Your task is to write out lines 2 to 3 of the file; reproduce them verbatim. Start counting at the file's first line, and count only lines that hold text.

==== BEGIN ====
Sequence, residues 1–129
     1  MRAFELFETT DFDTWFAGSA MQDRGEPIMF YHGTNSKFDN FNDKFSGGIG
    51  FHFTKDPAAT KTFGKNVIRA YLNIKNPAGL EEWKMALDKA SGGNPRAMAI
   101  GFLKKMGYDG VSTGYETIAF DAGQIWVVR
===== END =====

     1  MRAFELFETT DFDTWFAGSA MQDRGEPIMF YHGTNSKFDN FNDKFSGGIG
    51  FHFTKDPAAT KTFGKNVIRA YLNIKNPAGL EEWKMALDKA SGGNPRAMAI